Once you have finished installing Clef, you will then get a screen inviting you to “Try Waltz” which is a chrome extension that lets you log into other popular sites using Clef, although this is outside the scope of this tutorial. You can find out more about Waltz here.
Step7 – Clef Settings
After clicking “Go to Clef Settings in the screenshot above, you will have the option to configure the login process further. You can change the following options:
- Disable passwords for Clef Users – Here you can make everyone log in via the Clef Wave if they have setup Clef to login, rather than offering both options. This increases security for your site and is recommended. If you select this or any of the other methods to disable passwords below, you will have the option to allow User password log ins for any third party apps.
- Disable passwords for all users with privileges greater than or equal to specified roles – You may want to increase security for just your admin users. This allows you to do that.
- Disable passwords for all users and hide the password login form – For ultimate security, you can select this option, and make users setup Clef to log in.
- Show Clef Wave as Primary Log in Option – If you select this, the Clef Wave automatically shows on the login screen. Otherwise, you see the User and Password fields with an option underneath to “Log in with your phone.”
- Support Clef – Add a link from your site to Clef should you wish to support them.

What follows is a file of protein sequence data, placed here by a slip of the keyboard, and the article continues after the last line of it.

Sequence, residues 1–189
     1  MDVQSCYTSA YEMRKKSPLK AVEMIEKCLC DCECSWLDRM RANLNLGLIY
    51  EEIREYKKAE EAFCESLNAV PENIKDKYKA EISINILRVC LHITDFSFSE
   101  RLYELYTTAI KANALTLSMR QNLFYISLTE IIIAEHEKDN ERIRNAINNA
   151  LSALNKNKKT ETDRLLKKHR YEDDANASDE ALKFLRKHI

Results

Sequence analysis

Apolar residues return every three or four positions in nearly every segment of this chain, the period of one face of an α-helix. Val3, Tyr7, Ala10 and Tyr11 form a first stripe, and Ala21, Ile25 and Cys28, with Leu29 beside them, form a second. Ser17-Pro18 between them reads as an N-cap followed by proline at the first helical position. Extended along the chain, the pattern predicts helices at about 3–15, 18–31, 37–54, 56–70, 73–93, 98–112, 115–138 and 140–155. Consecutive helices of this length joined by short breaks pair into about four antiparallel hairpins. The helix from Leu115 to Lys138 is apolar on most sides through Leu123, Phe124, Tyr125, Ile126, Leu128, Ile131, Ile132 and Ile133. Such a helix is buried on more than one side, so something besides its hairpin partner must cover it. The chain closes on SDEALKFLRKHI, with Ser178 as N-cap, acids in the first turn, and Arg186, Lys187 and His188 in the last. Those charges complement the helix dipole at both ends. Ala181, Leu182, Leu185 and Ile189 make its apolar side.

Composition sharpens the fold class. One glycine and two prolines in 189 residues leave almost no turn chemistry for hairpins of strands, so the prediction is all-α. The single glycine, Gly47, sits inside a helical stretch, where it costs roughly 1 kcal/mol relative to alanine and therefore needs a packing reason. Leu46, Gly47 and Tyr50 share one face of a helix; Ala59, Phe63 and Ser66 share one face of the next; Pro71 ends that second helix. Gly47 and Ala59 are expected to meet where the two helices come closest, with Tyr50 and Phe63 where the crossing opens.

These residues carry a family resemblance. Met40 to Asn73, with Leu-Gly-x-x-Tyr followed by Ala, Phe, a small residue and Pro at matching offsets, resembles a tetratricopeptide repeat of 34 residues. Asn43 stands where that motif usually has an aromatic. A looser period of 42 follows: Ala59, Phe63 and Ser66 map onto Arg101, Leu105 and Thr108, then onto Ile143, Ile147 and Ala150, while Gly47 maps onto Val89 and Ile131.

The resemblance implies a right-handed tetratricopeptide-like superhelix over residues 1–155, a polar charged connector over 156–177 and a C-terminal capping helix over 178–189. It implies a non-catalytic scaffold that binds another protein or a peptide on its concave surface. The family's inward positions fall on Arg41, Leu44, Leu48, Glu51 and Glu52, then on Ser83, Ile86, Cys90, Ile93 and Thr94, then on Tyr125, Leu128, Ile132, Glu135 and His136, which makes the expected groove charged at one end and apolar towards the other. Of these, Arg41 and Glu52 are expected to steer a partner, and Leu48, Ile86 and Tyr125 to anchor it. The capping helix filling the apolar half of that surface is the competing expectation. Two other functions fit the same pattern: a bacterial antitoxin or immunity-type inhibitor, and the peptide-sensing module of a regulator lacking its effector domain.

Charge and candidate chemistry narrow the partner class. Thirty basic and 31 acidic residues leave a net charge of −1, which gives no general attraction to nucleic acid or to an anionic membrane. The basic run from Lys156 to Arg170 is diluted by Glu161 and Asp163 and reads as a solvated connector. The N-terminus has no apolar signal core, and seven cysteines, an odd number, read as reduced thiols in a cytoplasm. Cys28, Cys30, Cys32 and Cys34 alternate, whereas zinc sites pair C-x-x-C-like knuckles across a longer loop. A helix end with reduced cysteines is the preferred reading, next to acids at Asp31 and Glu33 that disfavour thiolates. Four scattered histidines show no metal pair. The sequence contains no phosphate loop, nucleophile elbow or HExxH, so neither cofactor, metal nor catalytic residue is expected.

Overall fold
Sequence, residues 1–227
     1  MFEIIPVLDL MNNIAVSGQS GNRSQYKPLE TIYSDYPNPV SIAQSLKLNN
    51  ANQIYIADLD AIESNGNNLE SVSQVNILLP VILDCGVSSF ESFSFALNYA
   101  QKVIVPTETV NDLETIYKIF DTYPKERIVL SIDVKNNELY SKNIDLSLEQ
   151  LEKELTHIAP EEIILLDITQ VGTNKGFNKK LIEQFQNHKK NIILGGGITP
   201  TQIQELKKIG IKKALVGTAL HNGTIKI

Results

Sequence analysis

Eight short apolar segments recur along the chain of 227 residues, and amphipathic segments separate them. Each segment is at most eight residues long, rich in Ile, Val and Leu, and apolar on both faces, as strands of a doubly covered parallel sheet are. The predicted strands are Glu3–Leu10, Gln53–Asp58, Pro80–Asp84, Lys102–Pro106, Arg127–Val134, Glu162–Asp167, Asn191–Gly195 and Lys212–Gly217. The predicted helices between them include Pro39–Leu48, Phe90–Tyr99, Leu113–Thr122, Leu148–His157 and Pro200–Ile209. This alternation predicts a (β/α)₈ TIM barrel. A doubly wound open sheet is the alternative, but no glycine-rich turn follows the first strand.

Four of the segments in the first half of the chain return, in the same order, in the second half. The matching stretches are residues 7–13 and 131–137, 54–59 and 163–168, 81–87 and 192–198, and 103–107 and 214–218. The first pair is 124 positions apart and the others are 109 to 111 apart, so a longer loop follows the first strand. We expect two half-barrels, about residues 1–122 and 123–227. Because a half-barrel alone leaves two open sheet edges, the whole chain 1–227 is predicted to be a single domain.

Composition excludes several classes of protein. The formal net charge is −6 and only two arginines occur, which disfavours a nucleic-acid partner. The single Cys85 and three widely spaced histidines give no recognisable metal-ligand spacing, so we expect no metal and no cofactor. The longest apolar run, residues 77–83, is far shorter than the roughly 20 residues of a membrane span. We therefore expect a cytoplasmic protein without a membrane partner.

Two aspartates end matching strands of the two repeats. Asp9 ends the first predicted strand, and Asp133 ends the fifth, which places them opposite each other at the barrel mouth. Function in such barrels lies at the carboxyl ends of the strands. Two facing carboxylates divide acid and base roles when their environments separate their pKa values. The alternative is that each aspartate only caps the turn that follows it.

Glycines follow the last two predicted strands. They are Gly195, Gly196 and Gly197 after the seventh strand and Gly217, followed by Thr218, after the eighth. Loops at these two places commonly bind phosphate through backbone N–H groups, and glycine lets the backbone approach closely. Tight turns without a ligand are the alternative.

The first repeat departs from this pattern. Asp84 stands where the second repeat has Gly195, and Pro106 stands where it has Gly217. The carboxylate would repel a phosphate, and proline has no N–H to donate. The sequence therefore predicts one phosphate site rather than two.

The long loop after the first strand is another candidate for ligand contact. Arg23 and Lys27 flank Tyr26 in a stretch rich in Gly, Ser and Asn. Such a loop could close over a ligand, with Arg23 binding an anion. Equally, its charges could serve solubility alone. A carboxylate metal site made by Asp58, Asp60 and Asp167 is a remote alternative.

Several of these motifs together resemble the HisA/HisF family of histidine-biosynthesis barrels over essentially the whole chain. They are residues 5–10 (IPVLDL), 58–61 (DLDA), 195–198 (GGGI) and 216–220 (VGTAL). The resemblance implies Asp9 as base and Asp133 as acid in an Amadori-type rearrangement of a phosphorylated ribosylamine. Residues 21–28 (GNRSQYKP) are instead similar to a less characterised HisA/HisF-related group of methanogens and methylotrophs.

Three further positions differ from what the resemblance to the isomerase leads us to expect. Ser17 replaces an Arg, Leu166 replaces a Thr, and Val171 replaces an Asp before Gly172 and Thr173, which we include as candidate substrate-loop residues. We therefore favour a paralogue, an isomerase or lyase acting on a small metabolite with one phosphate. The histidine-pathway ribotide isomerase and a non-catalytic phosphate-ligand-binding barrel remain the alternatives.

- Invite Users – We covered in a previous step the ability to invite users to start using Clef to log into your WordPress install. This gives you access to this ability after the initial setup.
- Clef API – For developers.
You can see a screenshot of the settings screen below:
Final Thoughts – Clef WordPress Two Factor Authentication Plugin
The plugin was extremely easy to setup and install, and apart from entering a short pin into your mobile phone every time you wish to view the mobile app, there are no passwords to remember. Everything works easily, and the app has no trouble recognizing the wave on the computer screen.
We like the ability to set a time limit on the login time, which is particularly handy if you log in from a public computer, but also great if you want to set an unlimited time for your home computer.
“Exceeded our Expectations – Simply Brilliant!”
We never really wanted to use Two-Factor Authentication previously due to having to wait for a text to be received, which can be quite frustrating if you do not have good phone reception within your house. This takes all the pain away and is probably the most simple Two-Factor authentication you will find… anywhere!
While we haven’t yet tried it if you have multiple sites, you can get access to them all simply by logging into one of those sites via Clef. This complete wipes away the nightmare of settings up Two-Factor Authentication if you manage many different sites. Awesome!
The only thing we do not like are the adverts on the login screen, although we fully appreciate this is necessary to fund this awesome app. This is easily resolved by upgrading to a no-ad version for $29, or signing up with SiteGround, who offer a no-ad version as part of their hosting.
Another great thing is Clef have recently partnered with the one-click installer Softaculous to offer users the chance to automatically install this app with new WordPress installs. Please note that not all hosts yet provide this functionality, as it needs to be individually turned on via the web hosts Softaculous admin area. Arvixe for example, a founding member of Clef, has already enabled this functionality.